As a native from the U.S. I'd like to share some wisdom about some basic tips you have to know when traveling to my country for the first time. Trust me, knowing these will save you headaches, money, and time.

1. Understanding Visa Requirements

Most foreigners need a visa to enter for tourism purposes. You will need to make a US visa appointment at your nearest embassy or consulate, gather a few documents, and pay a fee. Before you apply make sure your passport is valid too. 

Depending on where you live, getting a visa might take from a few days to a few weeks. Be sure to apply with plenty of time ahead of your trip. Once approved, most visas are valid for several years. 

Besides the visa, about 40 countries are part of the Visa Waiver Program. Nationals from these countries can get an ESTA instead of a visa. There are several differences between the ESTA and the visa. For one, you don't have to go to the embassy, you can apply online, it's cheaper, and faster. However, the ESTA is valid for 2 years only. 

2. Items Not Allowed Through Customs

About a million people enter the U.S. every day. Each person at any port of entry has to go through inspection by the Customs and Border Protection officers for compliance with immigration. 

If you know what to expect, the process should be less stressful. 

The U.S. restricts or prohibits certain items from entering the country. These include certain foods, plants, animal products, and some medications. Be aware of these restrictions when packing. A friend of mine once packed a chorizo sandwich in his backpack, and forgot about it. A security dog sniffed him out the customs line. It was all okay in the end, but watch out! 

3. Rules on Tipping

Tipping is a standard practice in the U.S. and is typically expected in restaurants, taxis, and hotels. Waiters and waitresses make very little. The minimum wage has been kept low for decades. It's an unjust practice, but, it is how it currently works.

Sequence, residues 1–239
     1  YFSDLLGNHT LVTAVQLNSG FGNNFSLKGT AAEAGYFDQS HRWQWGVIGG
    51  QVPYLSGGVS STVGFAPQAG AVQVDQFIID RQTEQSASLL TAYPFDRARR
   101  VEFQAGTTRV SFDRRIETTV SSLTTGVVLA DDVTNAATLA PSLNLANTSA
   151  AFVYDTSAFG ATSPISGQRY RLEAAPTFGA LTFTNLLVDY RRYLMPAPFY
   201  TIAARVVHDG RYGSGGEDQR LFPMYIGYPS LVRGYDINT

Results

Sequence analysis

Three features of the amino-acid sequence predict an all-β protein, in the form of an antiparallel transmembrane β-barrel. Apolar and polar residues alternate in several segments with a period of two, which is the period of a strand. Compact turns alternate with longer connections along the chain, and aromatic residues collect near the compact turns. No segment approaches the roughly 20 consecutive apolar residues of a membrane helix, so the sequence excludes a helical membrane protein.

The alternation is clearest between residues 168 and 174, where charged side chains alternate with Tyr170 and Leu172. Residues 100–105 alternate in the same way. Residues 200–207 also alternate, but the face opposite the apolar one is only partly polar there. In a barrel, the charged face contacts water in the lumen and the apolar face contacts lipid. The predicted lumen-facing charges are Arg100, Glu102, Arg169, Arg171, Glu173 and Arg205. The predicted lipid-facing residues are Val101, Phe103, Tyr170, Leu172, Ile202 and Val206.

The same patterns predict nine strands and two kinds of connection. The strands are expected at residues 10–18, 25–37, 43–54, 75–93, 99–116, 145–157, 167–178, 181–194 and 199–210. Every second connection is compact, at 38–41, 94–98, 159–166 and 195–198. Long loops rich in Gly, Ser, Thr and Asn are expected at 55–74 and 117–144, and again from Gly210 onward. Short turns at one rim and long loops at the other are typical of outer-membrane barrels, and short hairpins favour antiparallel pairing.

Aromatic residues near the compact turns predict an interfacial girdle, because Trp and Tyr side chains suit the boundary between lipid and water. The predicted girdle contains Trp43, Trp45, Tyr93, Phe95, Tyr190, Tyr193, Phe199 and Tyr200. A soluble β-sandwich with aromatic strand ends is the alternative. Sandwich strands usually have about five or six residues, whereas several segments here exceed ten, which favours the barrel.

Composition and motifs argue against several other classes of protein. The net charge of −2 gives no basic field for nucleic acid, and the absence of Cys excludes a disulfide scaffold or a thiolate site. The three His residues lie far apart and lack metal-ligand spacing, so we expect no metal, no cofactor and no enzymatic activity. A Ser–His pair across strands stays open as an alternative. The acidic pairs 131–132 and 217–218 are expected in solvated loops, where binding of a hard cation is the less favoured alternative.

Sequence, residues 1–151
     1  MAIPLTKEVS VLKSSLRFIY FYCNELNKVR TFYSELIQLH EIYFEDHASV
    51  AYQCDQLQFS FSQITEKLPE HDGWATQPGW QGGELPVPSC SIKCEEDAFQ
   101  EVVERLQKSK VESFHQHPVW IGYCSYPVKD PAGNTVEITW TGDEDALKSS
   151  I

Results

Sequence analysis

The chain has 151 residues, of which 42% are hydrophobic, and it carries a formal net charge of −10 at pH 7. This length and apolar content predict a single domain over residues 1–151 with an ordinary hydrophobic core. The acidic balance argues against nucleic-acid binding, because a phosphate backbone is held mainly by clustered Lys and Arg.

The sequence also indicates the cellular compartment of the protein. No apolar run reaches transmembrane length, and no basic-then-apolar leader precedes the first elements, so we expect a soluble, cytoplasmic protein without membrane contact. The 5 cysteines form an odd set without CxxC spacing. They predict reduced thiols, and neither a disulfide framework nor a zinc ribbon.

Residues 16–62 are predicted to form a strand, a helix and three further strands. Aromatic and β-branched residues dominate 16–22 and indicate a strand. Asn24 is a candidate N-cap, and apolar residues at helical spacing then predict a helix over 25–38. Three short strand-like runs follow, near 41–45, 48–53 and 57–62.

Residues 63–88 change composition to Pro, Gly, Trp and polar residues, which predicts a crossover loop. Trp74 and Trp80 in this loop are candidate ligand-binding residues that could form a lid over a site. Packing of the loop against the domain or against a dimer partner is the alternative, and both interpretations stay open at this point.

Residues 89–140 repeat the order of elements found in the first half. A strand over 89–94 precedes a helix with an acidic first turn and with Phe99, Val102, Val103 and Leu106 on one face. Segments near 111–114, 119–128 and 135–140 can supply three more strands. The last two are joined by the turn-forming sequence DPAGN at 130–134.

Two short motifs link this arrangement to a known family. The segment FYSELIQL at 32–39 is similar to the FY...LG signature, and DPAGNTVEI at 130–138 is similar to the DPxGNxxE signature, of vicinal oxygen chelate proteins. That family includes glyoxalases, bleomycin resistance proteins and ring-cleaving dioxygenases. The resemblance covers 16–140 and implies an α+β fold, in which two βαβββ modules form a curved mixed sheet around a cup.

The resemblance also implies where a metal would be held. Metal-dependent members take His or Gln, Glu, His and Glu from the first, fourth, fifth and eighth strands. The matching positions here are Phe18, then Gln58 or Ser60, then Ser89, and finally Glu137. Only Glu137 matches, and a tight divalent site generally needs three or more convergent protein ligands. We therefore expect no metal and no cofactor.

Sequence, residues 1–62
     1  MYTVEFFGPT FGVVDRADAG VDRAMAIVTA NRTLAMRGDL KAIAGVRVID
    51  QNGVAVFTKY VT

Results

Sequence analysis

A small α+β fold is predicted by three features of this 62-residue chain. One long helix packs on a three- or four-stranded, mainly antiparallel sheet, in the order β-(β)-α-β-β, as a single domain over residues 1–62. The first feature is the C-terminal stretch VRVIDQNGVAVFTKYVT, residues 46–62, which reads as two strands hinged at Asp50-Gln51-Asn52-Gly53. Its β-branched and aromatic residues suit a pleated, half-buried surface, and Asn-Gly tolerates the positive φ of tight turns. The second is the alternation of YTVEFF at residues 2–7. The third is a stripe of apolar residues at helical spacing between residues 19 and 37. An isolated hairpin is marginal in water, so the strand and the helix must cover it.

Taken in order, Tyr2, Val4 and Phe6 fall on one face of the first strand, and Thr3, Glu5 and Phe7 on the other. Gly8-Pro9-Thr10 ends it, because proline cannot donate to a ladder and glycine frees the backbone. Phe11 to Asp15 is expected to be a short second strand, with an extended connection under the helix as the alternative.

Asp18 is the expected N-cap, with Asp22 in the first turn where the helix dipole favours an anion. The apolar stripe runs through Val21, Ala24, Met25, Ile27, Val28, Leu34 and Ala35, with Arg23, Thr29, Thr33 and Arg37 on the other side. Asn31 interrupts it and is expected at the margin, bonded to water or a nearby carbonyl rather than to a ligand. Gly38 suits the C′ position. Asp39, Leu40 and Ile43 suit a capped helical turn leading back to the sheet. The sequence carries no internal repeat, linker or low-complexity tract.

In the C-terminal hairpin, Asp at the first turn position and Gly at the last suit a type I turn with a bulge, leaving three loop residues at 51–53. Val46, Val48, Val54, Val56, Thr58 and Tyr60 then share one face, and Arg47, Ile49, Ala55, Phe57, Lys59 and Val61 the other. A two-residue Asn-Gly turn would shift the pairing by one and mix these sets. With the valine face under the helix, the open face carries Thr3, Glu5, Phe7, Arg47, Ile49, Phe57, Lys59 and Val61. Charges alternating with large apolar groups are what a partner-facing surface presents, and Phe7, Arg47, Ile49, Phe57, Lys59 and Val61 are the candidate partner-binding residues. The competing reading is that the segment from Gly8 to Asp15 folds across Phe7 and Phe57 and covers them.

A general rule is to tip 15-20% of the pre-tax total. In some situations, a gratuity may already be included in your bill, so always check your receipt.

Do value whether the service was exceptional or not. Some people deserve a few extra dollars and some don't. 

4. Add Sales Tax to All Purchases 

Unlike many other countries, sales tax is not typically included in the listed price in the U.S. and it also varies by state. 

What does this mean? For example, when you buy a t-shirt, it means that the total amount you pay at the register will be higher than the price you see on the price tag. 

Be prepared for this additional cost. Again, this is not common practice in other countries, but it is in the U.S. 

5. Diverse Cultures and Customs

You might have heard the expression "melting pot" to refer to U.S. culture. However, though there's a lot of diversity, there are some issues between identities and a lack of integration too. 

As a visitor, it's important to respect the diversity and be open to different experiences. Social norms can vary significantly between regions, so do some research about the areas you're visiting. 

South, West Coast, East Coast, vary greatly in terms of how things are done, speed, attitude, etc. Even within the same state there are significant differences. I grew up in Miami, Florida, which is a completely different world than Tallahassee, which is also in Florida. 

Salt Lake City, for instance, has a population that is mostly is Mormon, the majority of which are members of the Church of Jesus Christ of Latter-Day Saints (LDS), and they are white. 

Meanwhile, cities like Detroit, Michigan, Baltimore, and New Orleans are cities primarily black. Be prepared to encounter a country heavily diverse in all sense of the word. 

6. Hire Travel Health Insurance

Unlike some countries, the U.S. does not provide free healthcare. Yes, I know. Shame. 

It is crucial to arrange travel insurance with health coverage before your trip. 

Without insurance, medical treatment can be very costly. Hopefully you won't have to deal with any emergencies, but in the unfortunate event that you do, better have insurance. A simple visit to the E.R. could cost you a few hundreds of dollars. 

7. Driving in the US As A Visitor

If you plan on driving, understand the traffic laws as they can vary state by state. An international driver's license is usually acceptable, but some states require a U.S. driver's license. 

Always remember, in the U.S., we drive on the right side of the road. Most rental cars are automatic. The majority of highways are straight, so it shouldn't be too tough to get used to driving here, compared to driving in remote areas in the Philippines or India. 

Final Words on Visiting the US

Visiting the U.S. can be an exciting and enriching experience. Being prepared and understanding these top 7 tips will help you navigate through your journey more confidently and safely. Happy travels!